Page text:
November 30, 2017 - Rahim Rahimov
November 30, 2017 - Rahim Rahimov
October 31, 2017 - Artem Filatov
October 31, 2017 - Svitlana Ovcharova
October 23, 2017 - Paulina Siegień
October 4, 2017 - Nikolay Artemenko
October 4, 2017 - Ilya Yablokov
MACIEJ ZANIEWICZ: After watching your film, Who is Mr. Putin, one gets the sense that the whole Russian political system today grew out of the criminal world of the 1990s, which was created by Vladimir Putin himself.
ANASTASIA KIRILENKO: When Putin was a presidential candidate in 2000, journalists rushed to explain who he was. I remember very well the headlines: he is a man who came out of nowhere. In fact, in St Petersburg everyone knew very well who he was. There were enough criminal scandals connected to Putin. In 2000 many journalists were confused. Reporters from the Moscow Times went to St Petersburg and found people who had worked with Putin, but those people could not recall any details about what it was like to work with him.
In one of the most famous opening lines in literature, Leo Tolstoy wrote, “Happy families are all alike; every unhappy family is unhappy in its own way.” What he meant by that was it is possible to fail in many ways, but there is only one way to succeed. The interesting thing about Russia’s ongoing failure, in contrast to its most famous writer’s wisdom, is that it is unrelenting in its uniformity. Nothing happening in Russia today is a surprise. It looks exactly like Russia's entire painstaking history played out year after year, decade after decade. Russian history, which is full of unique and different historical events, always seems to arrive back at the same place.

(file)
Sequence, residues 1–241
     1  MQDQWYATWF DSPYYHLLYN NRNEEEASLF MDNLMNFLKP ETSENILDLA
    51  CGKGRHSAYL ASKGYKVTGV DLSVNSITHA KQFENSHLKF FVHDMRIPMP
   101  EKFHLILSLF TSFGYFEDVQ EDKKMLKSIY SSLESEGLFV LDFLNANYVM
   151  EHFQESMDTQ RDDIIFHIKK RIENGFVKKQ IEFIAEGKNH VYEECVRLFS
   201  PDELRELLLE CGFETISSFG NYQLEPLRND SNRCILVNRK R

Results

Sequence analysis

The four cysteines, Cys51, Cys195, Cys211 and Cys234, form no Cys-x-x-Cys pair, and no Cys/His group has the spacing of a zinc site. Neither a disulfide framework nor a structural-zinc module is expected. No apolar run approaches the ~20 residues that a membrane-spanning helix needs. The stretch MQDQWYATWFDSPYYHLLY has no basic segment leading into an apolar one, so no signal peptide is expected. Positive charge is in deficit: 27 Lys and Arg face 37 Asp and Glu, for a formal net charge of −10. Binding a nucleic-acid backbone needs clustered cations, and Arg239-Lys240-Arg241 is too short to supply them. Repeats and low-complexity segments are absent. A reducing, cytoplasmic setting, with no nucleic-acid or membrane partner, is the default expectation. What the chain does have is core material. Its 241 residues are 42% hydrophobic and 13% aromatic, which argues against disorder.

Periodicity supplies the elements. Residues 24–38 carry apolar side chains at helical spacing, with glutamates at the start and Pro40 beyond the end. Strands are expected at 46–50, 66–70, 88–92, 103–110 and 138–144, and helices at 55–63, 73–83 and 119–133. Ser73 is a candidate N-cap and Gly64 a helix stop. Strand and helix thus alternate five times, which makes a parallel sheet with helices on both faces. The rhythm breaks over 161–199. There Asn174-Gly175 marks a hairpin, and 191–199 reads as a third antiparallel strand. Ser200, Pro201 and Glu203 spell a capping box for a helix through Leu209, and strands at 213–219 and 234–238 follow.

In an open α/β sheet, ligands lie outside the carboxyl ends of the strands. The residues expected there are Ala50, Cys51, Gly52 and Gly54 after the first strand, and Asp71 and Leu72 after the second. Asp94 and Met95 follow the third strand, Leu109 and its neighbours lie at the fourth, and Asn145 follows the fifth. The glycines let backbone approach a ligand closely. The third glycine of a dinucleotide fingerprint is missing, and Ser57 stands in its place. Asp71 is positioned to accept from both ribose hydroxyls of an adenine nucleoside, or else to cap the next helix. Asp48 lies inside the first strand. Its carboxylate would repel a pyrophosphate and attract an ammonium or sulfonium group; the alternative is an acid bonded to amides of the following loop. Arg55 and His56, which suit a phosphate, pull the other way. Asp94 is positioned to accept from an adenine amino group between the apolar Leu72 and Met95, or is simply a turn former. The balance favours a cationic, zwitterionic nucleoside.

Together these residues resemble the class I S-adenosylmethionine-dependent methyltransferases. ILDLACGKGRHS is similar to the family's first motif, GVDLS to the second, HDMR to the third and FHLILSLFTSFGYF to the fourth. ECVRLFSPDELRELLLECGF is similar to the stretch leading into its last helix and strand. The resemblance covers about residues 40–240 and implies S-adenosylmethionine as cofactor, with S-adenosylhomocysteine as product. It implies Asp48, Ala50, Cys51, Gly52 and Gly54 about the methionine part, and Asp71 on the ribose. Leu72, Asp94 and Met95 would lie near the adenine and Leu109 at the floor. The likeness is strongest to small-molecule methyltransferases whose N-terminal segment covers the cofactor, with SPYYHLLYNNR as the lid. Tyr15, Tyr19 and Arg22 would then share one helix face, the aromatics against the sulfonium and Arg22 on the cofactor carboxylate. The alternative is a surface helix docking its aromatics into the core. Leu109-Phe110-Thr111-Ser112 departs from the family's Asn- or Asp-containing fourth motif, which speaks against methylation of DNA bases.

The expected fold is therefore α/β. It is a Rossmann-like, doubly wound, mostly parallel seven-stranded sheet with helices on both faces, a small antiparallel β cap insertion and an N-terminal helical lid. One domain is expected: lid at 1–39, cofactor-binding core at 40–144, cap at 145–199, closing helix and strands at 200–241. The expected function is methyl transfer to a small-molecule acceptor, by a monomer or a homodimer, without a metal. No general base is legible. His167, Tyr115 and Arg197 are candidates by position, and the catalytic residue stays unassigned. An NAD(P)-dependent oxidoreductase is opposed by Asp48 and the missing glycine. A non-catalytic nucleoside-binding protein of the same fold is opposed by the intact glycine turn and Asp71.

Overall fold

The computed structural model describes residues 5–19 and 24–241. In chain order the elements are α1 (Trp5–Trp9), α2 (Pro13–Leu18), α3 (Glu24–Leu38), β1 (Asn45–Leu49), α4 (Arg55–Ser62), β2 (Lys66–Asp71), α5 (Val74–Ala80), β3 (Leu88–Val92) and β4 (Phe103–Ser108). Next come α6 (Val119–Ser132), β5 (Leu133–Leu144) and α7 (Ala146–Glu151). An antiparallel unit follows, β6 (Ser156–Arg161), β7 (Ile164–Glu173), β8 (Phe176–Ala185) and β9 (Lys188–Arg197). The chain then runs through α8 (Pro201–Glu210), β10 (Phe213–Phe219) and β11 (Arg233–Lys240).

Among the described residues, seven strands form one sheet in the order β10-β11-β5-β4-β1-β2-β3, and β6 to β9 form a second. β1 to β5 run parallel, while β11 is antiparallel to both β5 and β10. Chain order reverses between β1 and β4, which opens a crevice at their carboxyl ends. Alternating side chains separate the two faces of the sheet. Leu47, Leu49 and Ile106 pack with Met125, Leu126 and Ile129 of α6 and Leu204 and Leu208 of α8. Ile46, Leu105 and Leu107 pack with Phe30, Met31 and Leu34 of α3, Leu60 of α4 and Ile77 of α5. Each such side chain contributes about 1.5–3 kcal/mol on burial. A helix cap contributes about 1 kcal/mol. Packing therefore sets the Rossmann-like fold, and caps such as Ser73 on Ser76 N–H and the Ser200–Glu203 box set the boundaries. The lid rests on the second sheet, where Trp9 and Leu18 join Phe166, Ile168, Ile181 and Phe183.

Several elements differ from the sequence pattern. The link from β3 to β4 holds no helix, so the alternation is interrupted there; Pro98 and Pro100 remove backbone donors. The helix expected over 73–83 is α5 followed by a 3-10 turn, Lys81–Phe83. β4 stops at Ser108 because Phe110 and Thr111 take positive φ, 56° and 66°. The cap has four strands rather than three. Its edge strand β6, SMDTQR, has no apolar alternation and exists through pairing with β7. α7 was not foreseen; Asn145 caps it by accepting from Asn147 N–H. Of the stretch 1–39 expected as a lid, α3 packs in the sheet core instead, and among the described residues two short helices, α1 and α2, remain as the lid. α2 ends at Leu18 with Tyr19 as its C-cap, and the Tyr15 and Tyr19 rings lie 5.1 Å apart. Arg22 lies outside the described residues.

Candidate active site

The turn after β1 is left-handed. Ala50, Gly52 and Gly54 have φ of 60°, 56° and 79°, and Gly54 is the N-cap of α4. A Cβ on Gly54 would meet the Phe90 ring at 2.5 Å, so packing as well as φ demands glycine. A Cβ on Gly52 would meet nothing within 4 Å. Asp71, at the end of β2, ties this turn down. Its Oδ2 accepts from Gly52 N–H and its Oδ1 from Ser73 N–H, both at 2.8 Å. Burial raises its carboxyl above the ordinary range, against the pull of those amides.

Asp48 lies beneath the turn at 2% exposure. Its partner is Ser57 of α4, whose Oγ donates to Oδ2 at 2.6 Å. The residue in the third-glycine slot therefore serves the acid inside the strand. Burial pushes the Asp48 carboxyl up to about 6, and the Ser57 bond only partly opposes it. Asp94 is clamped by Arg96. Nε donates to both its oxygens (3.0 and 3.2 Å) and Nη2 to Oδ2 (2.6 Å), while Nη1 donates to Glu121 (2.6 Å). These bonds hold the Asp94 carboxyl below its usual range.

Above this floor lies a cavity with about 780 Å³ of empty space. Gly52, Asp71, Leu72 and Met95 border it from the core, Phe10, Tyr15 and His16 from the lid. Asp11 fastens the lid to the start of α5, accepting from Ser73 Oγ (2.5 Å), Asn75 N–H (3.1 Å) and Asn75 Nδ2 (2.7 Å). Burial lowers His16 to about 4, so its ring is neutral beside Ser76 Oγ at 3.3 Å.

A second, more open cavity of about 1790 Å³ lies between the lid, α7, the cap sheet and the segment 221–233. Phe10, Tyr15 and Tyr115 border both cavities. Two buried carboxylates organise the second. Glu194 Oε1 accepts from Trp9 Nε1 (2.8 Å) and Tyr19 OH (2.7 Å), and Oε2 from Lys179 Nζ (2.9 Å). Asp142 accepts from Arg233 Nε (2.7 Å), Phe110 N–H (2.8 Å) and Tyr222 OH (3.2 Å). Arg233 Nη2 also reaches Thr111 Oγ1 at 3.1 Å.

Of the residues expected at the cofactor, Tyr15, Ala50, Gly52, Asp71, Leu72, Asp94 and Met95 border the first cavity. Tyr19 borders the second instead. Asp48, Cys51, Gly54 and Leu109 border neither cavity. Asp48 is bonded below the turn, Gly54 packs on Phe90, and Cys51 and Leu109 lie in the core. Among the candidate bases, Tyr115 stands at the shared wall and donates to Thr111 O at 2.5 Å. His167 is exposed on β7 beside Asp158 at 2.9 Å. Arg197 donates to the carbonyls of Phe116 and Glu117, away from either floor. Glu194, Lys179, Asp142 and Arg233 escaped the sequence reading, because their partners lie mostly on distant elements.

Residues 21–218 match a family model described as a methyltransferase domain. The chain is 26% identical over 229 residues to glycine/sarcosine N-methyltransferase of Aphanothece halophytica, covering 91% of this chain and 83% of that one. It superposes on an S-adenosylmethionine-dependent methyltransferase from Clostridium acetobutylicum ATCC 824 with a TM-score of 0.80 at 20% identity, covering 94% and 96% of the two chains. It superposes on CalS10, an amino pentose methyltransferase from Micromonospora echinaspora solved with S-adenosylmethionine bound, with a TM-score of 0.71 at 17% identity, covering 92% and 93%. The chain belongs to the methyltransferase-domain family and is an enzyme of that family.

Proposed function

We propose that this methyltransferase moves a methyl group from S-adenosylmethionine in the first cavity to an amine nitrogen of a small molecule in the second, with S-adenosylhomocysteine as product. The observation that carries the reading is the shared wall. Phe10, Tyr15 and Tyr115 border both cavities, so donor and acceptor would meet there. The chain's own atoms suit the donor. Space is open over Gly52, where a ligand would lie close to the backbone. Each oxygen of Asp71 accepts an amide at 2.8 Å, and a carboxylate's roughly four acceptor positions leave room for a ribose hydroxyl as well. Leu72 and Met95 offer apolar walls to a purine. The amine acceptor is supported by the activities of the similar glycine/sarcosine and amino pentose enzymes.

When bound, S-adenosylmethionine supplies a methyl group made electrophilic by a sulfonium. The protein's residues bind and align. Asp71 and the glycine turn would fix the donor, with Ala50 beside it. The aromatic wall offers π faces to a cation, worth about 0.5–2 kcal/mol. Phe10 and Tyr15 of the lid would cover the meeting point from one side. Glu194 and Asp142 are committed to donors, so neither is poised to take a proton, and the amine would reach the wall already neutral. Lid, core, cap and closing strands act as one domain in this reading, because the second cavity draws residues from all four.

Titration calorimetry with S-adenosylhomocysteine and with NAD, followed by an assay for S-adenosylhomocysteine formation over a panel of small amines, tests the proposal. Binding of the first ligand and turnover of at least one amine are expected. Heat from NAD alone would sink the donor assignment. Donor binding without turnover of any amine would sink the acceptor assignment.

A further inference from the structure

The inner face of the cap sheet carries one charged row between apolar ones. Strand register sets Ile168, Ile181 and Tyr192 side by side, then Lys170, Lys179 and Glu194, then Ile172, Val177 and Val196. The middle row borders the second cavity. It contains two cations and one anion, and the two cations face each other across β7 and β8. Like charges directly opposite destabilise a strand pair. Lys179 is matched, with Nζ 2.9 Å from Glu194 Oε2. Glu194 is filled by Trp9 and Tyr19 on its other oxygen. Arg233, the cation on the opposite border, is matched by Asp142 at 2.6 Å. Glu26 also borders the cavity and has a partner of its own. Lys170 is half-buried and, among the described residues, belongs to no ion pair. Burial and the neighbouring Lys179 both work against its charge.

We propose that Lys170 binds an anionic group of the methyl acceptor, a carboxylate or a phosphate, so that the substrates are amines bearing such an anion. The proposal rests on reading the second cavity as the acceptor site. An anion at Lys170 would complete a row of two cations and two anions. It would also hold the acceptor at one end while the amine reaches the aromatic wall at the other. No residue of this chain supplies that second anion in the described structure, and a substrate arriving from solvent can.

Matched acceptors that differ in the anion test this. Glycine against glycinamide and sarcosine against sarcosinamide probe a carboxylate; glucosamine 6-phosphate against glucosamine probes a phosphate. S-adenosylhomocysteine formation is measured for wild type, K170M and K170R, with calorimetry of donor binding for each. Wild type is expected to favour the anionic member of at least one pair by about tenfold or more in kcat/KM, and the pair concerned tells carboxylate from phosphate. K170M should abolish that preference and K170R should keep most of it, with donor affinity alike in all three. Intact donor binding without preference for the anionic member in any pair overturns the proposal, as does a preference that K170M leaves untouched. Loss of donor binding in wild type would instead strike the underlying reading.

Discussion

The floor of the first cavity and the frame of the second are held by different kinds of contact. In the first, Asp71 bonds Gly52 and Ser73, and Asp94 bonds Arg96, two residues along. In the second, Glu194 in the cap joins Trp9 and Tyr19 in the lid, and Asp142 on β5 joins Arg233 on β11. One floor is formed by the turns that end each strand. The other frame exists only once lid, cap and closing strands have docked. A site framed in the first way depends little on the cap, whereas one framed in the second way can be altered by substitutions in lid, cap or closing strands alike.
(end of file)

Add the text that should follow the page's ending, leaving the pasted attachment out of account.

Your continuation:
August 18, 2017 - Vitali Shkliarov
On August 2nd, US President Donald Trump reluctantly signed tough new sanctions against Russia, Iran and North Korea. He had little choice since they passed both houses of the US Congress unanimously; 419 to 3 in the House of Representatives and 98 to 2 in the Senate, enabling them to block any presidential veto if Trump had decided not to sign them into law.
August 4, 2017 - Taras Kuzio
Interview with Mark Galeotti, a senior researcher at UMV, the Institute of International Relations Prague. Interviewer: Agnieszka Pikulicka-Wilczewska.
July 31, 2017 - Mark Galeotti
In order to understand the wide-reaching implications of post-truth, one should first look at its sources. Alternative facts and post-truth have been used by governments, such as that of Russia, in the strategic shaping of national identity. In the initial hours and days after unexpected events, elite-level individuals play a decisive role in framing the mainstream interpretations despite the utter lack of concrete information. Even after further information comes out, the wider public will perceive it in the context of previously constructed narratives. In terms of social media, Twitter acts as ground zero for shaping interpretations due to its immediacy and the limited size of its posts.
July 3, 2017 - George Spencer Terry and Volha Damarad
This article originally appeared in "Meanwhile in the Baltics...", a collection of articles written by the graduates of 2016 Solidarity Academy - Baltic Sea Youth Dialogue, organised by the European Solidarity Centre in partnership with the Council of the Baltic Sea States.
May 22, 2017 - Hubert Gregorski